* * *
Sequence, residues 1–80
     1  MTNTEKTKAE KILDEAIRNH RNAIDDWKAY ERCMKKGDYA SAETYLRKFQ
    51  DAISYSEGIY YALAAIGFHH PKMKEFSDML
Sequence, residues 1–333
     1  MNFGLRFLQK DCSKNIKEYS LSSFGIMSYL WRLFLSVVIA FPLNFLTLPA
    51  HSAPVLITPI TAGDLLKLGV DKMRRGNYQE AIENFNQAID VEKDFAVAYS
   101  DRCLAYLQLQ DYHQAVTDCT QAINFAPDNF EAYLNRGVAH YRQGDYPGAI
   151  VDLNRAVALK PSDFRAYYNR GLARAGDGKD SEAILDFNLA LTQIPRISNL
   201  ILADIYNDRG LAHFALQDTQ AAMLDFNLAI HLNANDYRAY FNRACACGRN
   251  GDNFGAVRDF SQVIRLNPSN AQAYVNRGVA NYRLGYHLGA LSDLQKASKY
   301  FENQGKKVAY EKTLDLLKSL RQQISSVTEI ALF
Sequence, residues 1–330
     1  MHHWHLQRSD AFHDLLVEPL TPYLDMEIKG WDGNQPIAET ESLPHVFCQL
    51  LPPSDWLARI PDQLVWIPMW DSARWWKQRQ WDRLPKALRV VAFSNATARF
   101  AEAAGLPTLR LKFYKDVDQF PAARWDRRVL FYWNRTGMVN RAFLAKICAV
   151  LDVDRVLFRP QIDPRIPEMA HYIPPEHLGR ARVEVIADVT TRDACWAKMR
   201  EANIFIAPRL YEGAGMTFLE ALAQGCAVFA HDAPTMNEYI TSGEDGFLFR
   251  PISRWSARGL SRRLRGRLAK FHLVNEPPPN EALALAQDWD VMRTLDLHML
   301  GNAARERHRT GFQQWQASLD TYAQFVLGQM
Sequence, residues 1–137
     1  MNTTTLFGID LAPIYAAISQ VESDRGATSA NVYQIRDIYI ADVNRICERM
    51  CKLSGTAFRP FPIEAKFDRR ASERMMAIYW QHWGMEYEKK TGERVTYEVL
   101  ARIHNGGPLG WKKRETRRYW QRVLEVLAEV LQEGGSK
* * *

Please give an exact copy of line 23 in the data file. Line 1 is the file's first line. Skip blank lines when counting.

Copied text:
   101  ARIHNGGPLG WKKRETRRYW QRVLEVLAEV LQEGGSK